RE: NANFA-L-- Flame Chub Testimony On Friday

Bruce Stallsmith (
Thu, 03 Nov 2005 22:00:31 -0500

What I found was elevated TDS (a specific _amount_ of conductivity, I
suppose) in former flame chub streams compared to current streams, 140 ppm
to 120 ppm respectively. That would be consistent with elevated runoffs from
point or nonpoint sources. You're talking about the Tennessee Barrens,
right? That area has suffered pollution from a peculiar source, and this
pollution shows up in springs via groudwater. The pollution source is
numerous tree farms, that raise trees to be sold during National Arbor Day.
To raise the trees they of course clear land for monoculture, and also apply
various herbicides, pesticides and fertilizers which quickly are mobilized
in rainwater and wind up in groundwater, coming out-in-springs. This has had
a bad effect on the few remaining wild populations of Fundulus julisia, the
Barrens Topminnow, whose spring habitat is degraded by this eutrophication.
So there's the joke -- well-meaning people buy small trees to plant for
Arbor Day, but the plantation culture producing many of these trees is a
major force in local habitat degradation. That makes me glad that trees
reseed themselves on my property. . .

--Bruce Stallsmith
the land of springs, Tennessee Valley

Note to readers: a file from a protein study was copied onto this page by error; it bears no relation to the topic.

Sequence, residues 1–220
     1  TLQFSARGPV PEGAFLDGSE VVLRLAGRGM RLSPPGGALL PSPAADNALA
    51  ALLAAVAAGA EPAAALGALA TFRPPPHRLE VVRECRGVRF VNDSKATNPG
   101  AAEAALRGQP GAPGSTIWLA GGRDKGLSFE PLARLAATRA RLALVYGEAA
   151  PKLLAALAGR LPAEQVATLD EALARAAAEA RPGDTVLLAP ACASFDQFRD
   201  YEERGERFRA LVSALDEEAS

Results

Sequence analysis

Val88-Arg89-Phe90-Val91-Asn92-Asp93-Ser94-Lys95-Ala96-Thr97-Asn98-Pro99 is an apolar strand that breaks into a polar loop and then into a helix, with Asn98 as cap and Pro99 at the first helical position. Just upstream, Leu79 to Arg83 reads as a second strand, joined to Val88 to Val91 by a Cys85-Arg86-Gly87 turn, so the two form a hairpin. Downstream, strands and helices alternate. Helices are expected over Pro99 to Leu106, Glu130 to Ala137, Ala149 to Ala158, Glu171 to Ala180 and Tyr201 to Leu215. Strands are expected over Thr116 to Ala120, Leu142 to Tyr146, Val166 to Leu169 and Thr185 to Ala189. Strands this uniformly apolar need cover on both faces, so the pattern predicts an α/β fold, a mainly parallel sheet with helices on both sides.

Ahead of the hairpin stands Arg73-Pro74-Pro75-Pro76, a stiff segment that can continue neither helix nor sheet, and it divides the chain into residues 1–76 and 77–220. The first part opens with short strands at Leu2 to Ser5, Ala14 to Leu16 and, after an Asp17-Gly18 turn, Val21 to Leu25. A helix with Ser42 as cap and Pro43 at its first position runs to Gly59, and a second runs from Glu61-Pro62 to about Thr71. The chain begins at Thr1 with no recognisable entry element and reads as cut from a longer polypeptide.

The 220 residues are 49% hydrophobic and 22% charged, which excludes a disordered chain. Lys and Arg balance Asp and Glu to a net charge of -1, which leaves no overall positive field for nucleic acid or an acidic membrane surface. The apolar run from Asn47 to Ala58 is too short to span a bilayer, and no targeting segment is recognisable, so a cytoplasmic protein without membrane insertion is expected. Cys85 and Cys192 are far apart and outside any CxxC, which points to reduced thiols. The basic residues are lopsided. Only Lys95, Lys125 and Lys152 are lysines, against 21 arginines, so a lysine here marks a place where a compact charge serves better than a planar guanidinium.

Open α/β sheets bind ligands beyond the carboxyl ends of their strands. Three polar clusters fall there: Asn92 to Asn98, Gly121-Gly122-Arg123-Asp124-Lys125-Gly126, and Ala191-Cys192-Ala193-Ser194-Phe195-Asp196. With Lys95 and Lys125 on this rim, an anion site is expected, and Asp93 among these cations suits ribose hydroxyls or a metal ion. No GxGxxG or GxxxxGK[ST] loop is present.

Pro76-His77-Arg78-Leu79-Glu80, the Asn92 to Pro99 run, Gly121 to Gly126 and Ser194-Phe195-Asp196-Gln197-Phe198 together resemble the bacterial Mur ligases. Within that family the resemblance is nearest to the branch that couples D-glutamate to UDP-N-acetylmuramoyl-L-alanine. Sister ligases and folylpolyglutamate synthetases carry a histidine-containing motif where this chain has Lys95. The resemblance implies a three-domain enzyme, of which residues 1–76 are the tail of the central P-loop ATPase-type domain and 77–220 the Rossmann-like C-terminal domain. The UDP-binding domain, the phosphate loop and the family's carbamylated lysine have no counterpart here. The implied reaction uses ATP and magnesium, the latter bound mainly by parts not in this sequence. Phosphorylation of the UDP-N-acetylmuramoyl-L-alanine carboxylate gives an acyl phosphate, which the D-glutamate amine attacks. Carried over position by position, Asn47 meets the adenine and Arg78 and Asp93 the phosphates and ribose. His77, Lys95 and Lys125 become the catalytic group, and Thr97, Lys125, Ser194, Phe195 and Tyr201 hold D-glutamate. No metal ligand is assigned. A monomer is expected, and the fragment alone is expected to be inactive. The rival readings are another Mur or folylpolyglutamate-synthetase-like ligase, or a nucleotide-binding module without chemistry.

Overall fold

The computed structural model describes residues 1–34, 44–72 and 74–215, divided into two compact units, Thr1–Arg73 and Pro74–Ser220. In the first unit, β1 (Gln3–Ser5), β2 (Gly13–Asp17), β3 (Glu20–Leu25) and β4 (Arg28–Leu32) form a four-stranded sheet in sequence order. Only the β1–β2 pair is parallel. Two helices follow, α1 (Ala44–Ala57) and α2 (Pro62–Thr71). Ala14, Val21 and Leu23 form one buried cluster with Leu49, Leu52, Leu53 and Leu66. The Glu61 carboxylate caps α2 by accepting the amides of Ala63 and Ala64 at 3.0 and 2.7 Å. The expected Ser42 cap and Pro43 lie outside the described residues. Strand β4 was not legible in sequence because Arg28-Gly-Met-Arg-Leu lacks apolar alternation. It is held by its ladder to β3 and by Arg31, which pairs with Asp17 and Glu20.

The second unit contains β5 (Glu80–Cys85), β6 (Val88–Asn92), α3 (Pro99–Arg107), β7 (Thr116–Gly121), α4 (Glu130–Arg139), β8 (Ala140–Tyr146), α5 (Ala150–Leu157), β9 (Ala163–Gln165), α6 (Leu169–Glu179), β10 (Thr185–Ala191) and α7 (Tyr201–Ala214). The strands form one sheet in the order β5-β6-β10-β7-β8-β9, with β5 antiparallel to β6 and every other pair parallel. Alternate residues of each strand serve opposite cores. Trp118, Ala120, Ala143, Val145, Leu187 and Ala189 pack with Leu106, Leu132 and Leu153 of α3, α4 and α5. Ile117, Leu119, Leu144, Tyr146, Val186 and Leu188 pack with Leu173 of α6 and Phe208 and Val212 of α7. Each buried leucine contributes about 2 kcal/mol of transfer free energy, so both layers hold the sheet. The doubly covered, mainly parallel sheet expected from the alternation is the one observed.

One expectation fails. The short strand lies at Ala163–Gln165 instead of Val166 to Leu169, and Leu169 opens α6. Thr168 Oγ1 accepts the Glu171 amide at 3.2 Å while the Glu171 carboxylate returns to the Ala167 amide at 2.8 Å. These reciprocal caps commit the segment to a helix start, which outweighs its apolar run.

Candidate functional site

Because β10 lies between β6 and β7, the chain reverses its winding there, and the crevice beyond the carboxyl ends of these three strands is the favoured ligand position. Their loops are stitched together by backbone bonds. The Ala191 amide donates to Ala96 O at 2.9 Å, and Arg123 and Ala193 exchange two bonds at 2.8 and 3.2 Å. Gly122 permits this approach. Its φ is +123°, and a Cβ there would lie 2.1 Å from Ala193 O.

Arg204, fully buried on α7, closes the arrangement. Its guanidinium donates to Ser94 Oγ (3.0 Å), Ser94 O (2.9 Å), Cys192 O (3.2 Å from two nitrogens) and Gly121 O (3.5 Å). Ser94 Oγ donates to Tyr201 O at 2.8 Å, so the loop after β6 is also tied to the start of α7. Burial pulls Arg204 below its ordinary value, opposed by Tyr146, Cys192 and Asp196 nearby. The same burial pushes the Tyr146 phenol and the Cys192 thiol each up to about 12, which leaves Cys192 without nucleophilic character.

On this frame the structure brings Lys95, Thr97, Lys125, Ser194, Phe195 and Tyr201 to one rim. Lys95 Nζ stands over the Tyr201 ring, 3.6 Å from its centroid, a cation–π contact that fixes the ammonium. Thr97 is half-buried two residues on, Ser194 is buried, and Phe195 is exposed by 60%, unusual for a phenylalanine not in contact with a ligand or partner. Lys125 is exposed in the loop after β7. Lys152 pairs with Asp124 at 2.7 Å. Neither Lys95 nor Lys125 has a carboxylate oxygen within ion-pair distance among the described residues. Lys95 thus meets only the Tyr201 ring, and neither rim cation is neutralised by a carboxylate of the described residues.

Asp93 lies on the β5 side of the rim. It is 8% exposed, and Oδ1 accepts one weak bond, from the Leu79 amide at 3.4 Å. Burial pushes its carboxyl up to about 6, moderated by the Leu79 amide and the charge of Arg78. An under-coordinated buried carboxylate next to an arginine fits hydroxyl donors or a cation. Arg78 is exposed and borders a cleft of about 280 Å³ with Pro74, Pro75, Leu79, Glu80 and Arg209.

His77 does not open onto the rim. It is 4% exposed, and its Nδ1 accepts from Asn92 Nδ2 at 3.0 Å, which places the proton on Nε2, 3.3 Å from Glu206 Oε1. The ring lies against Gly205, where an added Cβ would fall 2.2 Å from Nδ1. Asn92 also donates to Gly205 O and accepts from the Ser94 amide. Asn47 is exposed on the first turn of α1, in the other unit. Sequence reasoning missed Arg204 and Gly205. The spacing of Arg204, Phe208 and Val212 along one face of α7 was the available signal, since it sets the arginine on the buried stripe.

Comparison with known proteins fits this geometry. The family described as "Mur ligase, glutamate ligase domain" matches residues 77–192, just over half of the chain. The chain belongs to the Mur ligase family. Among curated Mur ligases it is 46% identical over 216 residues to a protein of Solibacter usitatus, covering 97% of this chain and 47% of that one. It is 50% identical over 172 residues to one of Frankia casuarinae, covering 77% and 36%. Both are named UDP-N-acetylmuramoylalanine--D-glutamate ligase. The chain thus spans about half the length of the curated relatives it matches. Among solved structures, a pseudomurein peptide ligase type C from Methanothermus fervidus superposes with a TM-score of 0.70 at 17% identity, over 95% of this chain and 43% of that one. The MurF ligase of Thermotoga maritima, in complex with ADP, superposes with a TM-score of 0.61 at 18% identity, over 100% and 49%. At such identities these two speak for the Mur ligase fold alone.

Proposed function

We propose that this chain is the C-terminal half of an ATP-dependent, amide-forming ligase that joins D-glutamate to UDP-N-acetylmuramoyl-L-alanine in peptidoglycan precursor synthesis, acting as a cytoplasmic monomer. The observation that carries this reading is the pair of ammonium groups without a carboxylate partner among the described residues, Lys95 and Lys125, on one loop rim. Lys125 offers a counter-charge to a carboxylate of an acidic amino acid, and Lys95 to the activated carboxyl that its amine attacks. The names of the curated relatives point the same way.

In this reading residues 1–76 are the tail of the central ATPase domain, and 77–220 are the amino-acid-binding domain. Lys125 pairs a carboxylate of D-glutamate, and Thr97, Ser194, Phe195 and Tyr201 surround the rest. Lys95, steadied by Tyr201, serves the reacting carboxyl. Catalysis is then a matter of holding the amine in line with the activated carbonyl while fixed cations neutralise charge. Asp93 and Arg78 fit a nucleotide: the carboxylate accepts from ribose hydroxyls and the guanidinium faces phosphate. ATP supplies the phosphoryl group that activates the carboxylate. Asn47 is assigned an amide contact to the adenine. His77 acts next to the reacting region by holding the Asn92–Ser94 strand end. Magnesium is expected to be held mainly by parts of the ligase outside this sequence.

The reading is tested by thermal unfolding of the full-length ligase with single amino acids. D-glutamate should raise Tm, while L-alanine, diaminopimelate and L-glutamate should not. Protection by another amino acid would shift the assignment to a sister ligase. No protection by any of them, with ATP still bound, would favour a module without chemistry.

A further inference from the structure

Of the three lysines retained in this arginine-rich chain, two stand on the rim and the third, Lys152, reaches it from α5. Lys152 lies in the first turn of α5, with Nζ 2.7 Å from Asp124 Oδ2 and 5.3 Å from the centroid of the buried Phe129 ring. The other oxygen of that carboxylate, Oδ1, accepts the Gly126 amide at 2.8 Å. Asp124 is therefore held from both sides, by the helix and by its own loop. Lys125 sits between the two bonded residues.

Huntsville, AL, US of A

>From: "Crail, Todd" <tcrail-in-UTNet.UToledo.Edu>
>To: <>
>Subject: RE: NANFA-L-- Flame Chub Testimony On Friday
>Date: Thu, 3 Nov 2005 20:27:10 -0500
>What are the conductivities in the populated vs devoid springs? Is the
>in the neighborhood getting any kind of enrichment from the lawns? What
>really struck me on the Barrens wasn't so much that there was agriculture,
>fertilizer from that... That didn't seem to be the problem. In fact the
>springs were literally choked with vegetation, as though the springs
>_themselves_ were huge points of productivity, mining enrichment from the
>earth. The rest of the stream might have a straggler patch of elodea,
>or rotala here and there. It was certainly clear enough in the mainstem to
>allow the growth of submerged plants. It seemed more related to cows
>banks, and introducing obscene amounts of ultra fine particles.
>Are you seeing a similar thing in 'bama?
>Where the mud runs like a river...
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